I assume there’s agreement that millions of Soviet citizens suffered during WW II, without having to make up stories about such suffering.

  4. Thanks for the shout out, AGT. I actually agree with your critique, but in a very qualified way. Let me try to expound.

    I do think numbers are important. Let me rephrase. Other people in the political debate believe they are important, hence I must consider them important. Which people? Those who claim that Stalin (or “Communism”) killed far more Russians than Hitler. The implication of these allegations, as made by neocons, Cold Warriors, Russian liberals, etc, is that Russian statehood is irrevocable tainted and as such its only hope of redemption is, in fact, to “mimic Fritz” as you put it.

    Now you do make a valid point that focusing on comparative numbers of deaths is a slippery slope to a “dark pit” in which the injustices of Stalinism are neglected or even washed away. I suspected this criticism would be made when I was writing that post. So I made sure to preface these “hard statistics” with the Levada polls asking Russians about whether they lost relatives under the Nazis or under Stalinism – to which they answered that the Nazis were far more brutal.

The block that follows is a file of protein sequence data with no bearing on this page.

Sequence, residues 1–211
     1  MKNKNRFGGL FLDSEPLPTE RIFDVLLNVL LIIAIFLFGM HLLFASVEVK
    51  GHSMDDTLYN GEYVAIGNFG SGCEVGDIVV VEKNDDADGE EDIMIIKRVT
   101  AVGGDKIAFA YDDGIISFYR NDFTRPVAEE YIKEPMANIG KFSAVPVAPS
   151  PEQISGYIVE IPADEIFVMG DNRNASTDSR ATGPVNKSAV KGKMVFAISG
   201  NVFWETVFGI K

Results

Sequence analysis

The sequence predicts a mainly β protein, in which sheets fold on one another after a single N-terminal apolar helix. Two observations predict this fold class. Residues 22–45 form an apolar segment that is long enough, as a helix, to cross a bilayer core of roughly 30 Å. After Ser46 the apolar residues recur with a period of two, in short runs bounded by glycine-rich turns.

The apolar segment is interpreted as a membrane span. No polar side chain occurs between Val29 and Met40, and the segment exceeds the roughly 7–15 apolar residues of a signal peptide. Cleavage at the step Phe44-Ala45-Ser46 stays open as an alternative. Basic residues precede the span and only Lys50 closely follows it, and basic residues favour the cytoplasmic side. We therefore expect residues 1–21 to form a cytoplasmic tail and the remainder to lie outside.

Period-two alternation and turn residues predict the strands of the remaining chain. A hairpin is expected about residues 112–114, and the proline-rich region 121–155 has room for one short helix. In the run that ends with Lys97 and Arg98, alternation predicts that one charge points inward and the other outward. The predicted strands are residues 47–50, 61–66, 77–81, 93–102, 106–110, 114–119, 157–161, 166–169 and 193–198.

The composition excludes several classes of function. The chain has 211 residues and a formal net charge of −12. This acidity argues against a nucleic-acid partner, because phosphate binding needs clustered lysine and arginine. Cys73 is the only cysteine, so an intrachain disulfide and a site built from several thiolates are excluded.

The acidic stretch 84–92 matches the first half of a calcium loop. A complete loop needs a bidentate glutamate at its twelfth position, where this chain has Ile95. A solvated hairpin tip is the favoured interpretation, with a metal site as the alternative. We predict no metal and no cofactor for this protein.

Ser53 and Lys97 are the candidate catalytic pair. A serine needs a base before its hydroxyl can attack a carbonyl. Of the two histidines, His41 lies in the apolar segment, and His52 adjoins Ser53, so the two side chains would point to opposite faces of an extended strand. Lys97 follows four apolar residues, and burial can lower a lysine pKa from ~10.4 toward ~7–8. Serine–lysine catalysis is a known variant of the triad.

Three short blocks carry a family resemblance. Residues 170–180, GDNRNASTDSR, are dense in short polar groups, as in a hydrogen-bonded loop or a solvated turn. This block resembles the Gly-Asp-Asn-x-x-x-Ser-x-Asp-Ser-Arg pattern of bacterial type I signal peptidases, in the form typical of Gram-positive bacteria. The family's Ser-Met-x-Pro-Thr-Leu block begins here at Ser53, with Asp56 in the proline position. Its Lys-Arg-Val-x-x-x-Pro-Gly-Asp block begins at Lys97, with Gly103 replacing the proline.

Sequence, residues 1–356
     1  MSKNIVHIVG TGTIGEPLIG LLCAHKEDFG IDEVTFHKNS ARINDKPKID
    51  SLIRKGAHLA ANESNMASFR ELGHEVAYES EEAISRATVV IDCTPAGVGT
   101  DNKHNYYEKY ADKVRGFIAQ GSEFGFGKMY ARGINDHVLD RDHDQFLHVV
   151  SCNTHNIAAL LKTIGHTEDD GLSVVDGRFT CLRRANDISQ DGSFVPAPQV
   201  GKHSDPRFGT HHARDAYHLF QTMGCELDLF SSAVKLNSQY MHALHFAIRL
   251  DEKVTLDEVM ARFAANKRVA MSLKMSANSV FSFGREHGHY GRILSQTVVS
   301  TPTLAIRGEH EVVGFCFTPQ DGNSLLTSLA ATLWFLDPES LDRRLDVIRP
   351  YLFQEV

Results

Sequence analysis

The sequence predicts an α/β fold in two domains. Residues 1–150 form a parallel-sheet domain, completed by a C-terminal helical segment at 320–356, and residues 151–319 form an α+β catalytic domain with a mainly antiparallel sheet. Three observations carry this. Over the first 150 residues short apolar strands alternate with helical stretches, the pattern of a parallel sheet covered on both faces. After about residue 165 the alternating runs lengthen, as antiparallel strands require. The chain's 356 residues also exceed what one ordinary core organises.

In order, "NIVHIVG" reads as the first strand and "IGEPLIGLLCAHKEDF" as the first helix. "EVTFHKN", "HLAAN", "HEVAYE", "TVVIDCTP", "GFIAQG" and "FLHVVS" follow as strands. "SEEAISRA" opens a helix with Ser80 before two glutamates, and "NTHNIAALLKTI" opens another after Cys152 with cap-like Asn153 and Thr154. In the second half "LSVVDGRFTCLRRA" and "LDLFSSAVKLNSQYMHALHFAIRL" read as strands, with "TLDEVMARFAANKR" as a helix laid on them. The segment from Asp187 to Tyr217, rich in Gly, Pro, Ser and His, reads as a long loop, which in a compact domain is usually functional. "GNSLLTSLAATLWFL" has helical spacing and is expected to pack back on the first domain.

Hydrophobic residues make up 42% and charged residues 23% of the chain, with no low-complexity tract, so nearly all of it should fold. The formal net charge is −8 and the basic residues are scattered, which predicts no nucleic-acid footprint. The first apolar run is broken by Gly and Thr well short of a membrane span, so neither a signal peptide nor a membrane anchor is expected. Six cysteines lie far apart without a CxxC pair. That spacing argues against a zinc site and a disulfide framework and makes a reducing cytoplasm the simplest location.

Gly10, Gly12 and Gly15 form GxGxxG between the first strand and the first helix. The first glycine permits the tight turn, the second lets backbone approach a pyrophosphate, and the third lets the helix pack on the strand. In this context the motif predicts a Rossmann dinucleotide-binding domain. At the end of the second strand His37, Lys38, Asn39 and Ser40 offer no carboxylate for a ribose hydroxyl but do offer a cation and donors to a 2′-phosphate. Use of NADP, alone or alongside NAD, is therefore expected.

This is an important result. Had today’s Russians said that more of their relatives died under Stalinism, then the views of the Russophobes would have been to a large extent validated; hence, Russia’s Victory could be freely interpreted as being entirely hollow, and its preoccupation with it, a symptom of national psychosis; their nation, a madhouse, and hence a rogue state that has to be firmly opposed.

    But with Stalinism shown to be the lesser evil (at least with respect to Russians), according to both Russians and the dark pit / hard statistics, I hoped to clarify with the Russian position of radical ambiguity towards Stalin is rational (which is not to say that it is not fraught with all kinds of moral complications), and why reconciling Stalin with Victory is so damn difficult if not impossible.

    I’m not sure if I made my points clearly here (I find it hard to do so when there are so many necessary caveats and simplifications). Sorry if that is the case and please feel free to ask for clarification on anything.